I’ve tried to think of how to explain what happens when these panic attacks occur, how to share what it feels like. There’s a lot of self talk that leads up to the attack, it’s my brain, forcing open one of those boxes with random assorted thoughts of the things inside. The combination of memories and thoughts are always triggered by something. It’s loud and noisy for a while and slowly everything around you is tuned out, tunnel vision style. You’re going deeper into the thoughts of the contents of the box and and the light and sound and noise and people and visuals around you fade. And then, there’s the stage of your mind, and it’s completely dark, the seats are empty, the house lights are completely down and then there is one full force spotlight and it shines and you can see nothing else around it. You hear nothing else. You can experience nothing else. For a moment it’s peaceful. And then the contents of the box steps into the light, slowly at first, just one hand at a time. Your breathing quickens, it’s shallow and crisp and it feels like your lungs won’t fill. Like you’re suffocating. Like the darkness, while it’s calming and peaceful, is also killing you. Your focus is 100% on what is entering into the light. You’re in a trance. You feel like you’re being crushed. Your breathing is steady but short and quick and makes gasping sounds. Your hands begin to shake as if they’re cold, but they’re not. You know there are people around you, trying to pull you out but the darkness is too dark to see them. You are steadfast, focused on the next hand enters the light. You blame yourself. You killed your dog. You burnt your house down. You did this to your family. YOU. This is happening because of YOU. You try to take a deep breath because you can hear them telling you to breath you try and your whole chest, your whole upper body convulses like you see in the shows when they say stat and try to shock someone back to life. You feel the hands of your husband and you hear his voice faint and slightly panicked, trying to call you back, but all you can see is the darkness and the hands and that you did this. He tries to hug you but you shove him away because it feels like he’s crushing you and confining you and in that moment your brain is so confined that you can’t stand for your body to be too. Your entire arms shake and you then feel bad because you’ve pushed away the hug from the man you love. But it’s dark and it’s quiet and the hands are there in the dense spot light and you did this, you caused this, YOU left the candle burning. He keeps telling you to open your eyes and look at him. You try but the darkness pulls you back. The guilt, the sadness, the loss, it pulls you back. You feel your mom grab the other hand. They’re trying to get you to breathe, long, deep breaths in through the nose, out through the mouth, but all you can muster are the short shallow rapid ones. You’re drowning without a drop of water around you. Your ears are loud. Your eyes, when you can open them are cloudy with tears.

I don’t know what pulls me out. Marla asked me this and I look at Bill for the answer because I don’t know. All I can see is that dark stage and the spotlight and the hands, and that’s all there is until it’s not there and I can feel my body start to calm, and the breaths get deeper and fuller and my muscles begin to relax. It’s there in full force until it isn’t.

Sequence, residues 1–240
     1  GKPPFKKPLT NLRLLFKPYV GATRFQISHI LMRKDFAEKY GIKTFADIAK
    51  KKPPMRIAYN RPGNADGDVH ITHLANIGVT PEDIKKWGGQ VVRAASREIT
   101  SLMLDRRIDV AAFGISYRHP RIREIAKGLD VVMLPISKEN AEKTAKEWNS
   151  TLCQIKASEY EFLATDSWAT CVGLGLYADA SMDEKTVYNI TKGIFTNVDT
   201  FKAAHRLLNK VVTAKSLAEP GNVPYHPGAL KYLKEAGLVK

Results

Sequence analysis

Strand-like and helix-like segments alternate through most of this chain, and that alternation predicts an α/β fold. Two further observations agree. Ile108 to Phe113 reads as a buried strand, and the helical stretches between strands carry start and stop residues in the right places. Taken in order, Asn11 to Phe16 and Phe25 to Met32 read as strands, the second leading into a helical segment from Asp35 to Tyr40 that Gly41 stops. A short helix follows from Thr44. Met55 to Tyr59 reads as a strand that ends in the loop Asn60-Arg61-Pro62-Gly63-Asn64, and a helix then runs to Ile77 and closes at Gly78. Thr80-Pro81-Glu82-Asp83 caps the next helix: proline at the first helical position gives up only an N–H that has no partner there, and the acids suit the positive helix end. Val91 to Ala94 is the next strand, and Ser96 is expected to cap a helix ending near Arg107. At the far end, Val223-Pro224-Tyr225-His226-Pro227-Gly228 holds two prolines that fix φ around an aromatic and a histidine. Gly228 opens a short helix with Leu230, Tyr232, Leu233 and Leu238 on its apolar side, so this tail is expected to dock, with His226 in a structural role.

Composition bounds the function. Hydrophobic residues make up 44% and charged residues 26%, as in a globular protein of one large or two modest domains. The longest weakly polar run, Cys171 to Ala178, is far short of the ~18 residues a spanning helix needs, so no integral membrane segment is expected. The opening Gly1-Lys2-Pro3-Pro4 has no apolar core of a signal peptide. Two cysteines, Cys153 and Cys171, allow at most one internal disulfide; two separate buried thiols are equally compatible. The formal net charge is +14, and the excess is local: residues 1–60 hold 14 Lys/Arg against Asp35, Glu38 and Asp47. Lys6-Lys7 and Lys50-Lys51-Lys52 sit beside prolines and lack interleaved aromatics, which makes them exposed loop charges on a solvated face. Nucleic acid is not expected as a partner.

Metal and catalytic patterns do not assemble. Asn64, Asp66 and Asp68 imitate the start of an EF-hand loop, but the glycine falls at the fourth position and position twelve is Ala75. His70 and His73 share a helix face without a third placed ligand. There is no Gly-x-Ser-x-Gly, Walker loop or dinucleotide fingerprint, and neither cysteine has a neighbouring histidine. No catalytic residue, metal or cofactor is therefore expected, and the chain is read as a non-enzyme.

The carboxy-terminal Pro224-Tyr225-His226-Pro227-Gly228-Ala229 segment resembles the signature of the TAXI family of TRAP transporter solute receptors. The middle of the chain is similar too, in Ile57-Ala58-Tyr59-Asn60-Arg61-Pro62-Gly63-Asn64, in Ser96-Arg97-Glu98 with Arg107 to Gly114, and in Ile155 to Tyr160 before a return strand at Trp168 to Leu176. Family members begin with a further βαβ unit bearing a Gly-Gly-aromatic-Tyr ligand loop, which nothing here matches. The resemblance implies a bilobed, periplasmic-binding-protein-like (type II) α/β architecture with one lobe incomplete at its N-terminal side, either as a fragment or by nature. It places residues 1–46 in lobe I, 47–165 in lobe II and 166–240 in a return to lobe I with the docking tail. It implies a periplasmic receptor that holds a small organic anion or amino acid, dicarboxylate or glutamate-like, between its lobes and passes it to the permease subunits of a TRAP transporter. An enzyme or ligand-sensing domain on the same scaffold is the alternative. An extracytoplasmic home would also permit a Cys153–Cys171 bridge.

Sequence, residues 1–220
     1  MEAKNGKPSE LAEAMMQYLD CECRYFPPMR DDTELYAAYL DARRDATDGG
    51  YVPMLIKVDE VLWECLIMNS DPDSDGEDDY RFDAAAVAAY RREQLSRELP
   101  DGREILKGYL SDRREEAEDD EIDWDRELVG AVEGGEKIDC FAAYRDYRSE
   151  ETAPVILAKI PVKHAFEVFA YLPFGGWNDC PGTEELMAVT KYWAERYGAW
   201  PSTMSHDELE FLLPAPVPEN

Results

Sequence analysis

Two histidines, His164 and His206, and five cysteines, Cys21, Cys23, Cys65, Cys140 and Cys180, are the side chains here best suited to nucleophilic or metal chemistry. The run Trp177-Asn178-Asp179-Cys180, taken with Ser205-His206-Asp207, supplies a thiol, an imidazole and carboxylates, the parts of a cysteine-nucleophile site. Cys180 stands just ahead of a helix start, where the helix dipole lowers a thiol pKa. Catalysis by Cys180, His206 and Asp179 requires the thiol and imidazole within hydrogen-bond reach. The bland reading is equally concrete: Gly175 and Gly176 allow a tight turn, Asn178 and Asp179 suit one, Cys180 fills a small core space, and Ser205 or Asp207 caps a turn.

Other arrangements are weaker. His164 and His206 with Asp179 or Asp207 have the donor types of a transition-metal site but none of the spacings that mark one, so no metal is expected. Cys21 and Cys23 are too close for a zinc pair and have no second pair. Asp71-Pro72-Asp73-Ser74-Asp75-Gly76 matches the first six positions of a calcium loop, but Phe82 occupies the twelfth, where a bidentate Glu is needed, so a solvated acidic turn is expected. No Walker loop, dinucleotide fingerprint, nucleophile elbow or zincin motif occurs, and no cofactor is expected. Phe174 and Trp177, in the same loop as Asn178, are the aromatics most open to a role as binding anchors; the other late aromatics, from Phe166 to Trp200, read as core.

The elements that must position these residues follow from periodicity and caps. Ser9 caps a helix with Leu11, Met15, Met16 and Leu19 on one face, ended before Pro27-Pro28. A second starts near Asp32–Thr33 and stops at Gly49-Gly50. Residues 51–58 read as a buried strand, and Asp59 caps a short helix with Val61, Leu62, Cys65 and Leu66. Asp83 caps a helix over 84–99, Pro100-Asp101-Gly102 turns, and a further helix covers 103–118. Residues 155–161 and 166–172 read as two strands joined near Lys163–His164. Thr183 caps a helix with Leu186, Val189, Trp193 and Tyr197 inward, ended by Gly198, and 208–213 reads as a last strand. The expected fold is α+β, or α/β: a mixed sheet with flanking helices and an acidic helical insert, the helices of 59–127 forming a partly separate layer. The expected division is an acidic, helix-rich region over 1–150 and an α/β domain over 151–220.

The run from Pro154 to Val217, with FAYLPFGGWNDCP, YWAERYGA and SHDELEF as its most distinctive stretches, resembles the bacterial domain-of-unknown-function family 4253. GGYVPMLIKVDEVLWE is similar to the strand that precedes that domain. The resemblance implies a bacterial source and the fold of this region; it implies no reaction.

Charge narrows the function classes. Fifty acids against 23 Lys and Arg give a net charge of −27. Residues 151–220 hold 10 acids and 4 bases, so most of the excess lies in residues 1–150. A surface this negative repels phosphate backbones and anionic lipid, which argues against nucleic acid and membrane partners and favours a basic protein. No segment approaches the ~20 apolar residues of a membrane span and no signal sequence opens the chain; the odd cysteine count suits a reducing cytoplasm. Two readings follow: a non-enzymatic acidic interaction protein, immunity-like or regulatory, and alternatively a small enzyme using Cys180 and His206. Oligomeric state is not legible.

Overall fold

3 thoughts on “Panic Attacks by Chris”

  1. Wow. Thank you for explaining a panic attack. I had no clue. Tears running down my face for you. I wish I could hold you every time you feel this way.

  2. I was diagnosed with panic disorder many years ago. After cognitive therapy, months would go by without any. Then, last week I had one. Seemingly out of nowhere. Apparently, something I didn’t think was a trigger set it off. You know your triggers. You know when to open the boxes you’re ready to deal with. And one day, years from now, you may even have a panic attack for no particular reason…breathe. Just take deep breaths. You’re not alone in this, Chris. You have the closest ones to you ready to offer support and many more who are reading your story, crying with you, and learning from your and Bill’s experience. Much love to you, my friend.

  3. Chris…I randomly thought of you today in the wake of Harvey, and panicked. I have been disconnected from social media for a few years now, but knew you were in Houston the last I heard. After looking up your Instagram account, I saw about your house and I just…I have no words. I am so very sorry for your loss, but incredibly thankful that you, your husband and daughter are safe.

    Chris, I am mostly writing to let you know that your honesty is inspiring. People often look at “mental illness” (whether temporary or lifetime) as something to keep hidden, but you have shed light on others darkness by sharing your own. Knowing someone else understands is very powerful, and has more than once given the the hand I needed to crawl out. As a sufferer of PTSD and depression, I empathize with your struggle to explain the attacks, but think you did a fantastic job of highlighting why it’s not possible to just snap out. So thank you. Thank you for your honesty. Thank you for your willingness to share even in your difficult times.

    I know it’s been a few months since you wrote this, and I hope your emotional burden has lessened a little, and made breathing easier.

    Please know that you and your family are in Stephen and I’s thoughts, and even though we haven’t spoken in a few years, we still care about you greatly.

    Tabatha Mortensen